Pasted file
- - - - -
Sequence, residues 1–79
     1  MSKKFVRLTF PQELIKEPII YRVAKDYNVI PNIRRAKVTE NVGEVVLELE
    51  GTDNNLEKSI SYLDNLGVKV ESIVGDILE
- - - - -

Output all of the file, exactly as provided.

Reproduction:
Sequence, residues 1–79
     1  MSKKFVRLTF PQELIKEPII YRVAKDYNVI PNIRRAKVTE NVGEVVLELE
    51  GTDNNLEKSI SYLDNLGVKV ESIVGDILE